-Jericho alternates between out wrestling Christian and beating the crap out of him, and Christian turns the tide with a thumb to the eye. As dumb as this storyline was in terms of two thirty year old, known-to-be-married men fighting over a starlet co-worker, at least the match is good. Kinda hard to fault these two.

-After spending a good chunk of the match reversing, countering, and answering back with moves, Christian locks Jericho in the Texas cloverleaf. Or is it the Ontario Maple leaf? That’s what RVD’s missing: the San Bernardino Hemp leaf! He can have that one for free.

-A superplex spot is blown when Christian slips, but they make up for it and do it anyway. You know, if Kevin Nash did that, two things: one is he’d be crucified for blowing the spot and, two, we’d be in disbelief that he broke his usual arsenal for one match. Let’s just move on.

-Jericho gets the Walls, but Christian nabs the ropes to escape. Trish comes bouncing out (literally) and Christian brings her in the hard way. An inadvertent elbow knocks Jericho into a Christian roll-up, giving Edge’s little brother the win. Afterward, Trish turns on Jericho with a hard smack, and Christian hits the Unprettier to give birth to “Trishtian”. Cheer up, Jericho. If you had won Trish’s heart, how would you have explained it to Jessica? Damn good match.

-The Rock gives a whacked out promo backstage to set up the greatest handicap match of all time: Rock and Mick Foley against Ric Flair, Randy Orton, and Batista. We used to argue whether Batista or Orton was the most useless guy in the match. We ain’t too bright, is we?

-Rock stealing the Flair strut = awesome.

-Match starts with a flurry, with Rock taking Flair down on the floor with a backdrop and Foley coming off with the big elbow. Crowd is in a frenzy early.

-Foley gets Orton in the ring to continue their issue, and Orton bails like a coward. Foley hammers him into the table and brings him back in for more punishment. Here’s the good thing about Mick: he sells for anyone and will put any kid over, with no politics. Except for burying Test in his book, which I still think is funny.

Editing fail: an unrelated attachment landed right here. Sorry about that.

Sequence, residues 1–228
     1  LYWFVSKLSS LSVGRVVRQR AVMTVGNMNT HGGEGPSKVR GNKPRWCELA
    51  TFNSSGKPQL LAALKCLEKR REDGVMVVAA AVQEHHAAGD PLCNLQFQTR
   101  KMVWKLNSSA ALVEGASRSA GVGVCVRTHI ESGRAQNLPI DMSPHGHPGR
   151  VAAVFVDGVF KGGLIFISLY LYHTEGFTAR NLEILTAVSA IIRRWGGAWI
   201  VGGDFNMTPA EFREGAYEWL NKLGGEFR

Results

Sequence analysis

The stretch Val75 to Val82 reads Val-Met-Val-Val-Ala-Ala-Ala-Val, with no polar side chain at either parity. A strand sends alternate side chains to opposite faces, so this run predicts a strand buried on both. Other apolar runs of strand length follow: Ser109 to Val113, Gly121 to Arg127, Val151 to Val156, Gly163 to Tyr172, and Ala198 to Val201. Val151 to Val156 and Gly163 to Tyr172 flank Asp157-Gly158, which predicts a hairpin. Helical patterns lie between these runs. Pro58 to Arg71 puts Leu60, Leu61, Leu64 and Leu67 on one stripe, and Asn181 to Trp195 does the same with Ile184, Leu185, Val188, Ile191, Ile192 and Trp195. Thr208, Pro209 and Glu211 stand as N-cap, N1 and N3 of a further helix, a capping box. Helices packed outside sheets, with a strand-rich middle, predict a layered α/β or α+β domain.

-Speaking of putting people over, here’s Rock to sell for Batista and Orton. I wish I had known this was his final match. I woulda painted my eyebrow on and worn my elbow pad and….well, not really, you see, I was umm….back to the match at hand here.

-Foley plays face in peril while Batista and Orton water their own learning trees with this opportunity. Within weeks, Batista and Orton would be having great tag team matches with the likes of Benoit, Edge, Benjamin, Michaels, and others. You’re seeing it now in WWE with guys like Rhodes, Dibiase, Ziggler, Kingston, and Miz all getting better through osmosis with the older names. Hey, TNA: if you use the older guys to bring the young kids up, you can weed out the has-beens and live on the kids’ newfound reputations. That’s why Batista and Orton crush Flair and Foley in the ratings. MAKE A NOTE OF THIS!

-Rock gets the hot tag and cleans house on everyone. Batista halts the rush with a spinebuster and Flair tries the Senior’s Elbow, but Rock puts an end to it. After cleaning house again, Rock lands his own People’s Elbow on Flair. Great fun.

-Orton gets tagged in and runs right into Rock Bottom. In all the confusion, Batista drops The Great One with the Batista Bomb. After Rock barely kicks out, he tags in Foley, who cleans house himself. However, after he prepares Mr. Socko, he walks into the RKO to give Orton the biggest pinfall win of his career to that point. Whew, insanely fun match with a murderer’s row of main eventers and champions. Rock consoles Mick afterward, and Mick consoles him for having to have such a crappy goatee in that equally crappy Be Cool flick. Thanks for the aweome career, Rock. Have fun with that Disney money.

-Hall of Fame recap is next, a year that saw Bobby Heenan, Tito Santana, Big John Studd, Harley Race, Pete Rose, Don Muraco, Greg Valentine, Junkyard Dog, Superstar Billy Graham, Sgt. Slaughter, and Jesse Ventura all get inducted. Say what you will about Pete Rose, but he took a stinkface from Rikishi. That alone warrants induction, I think.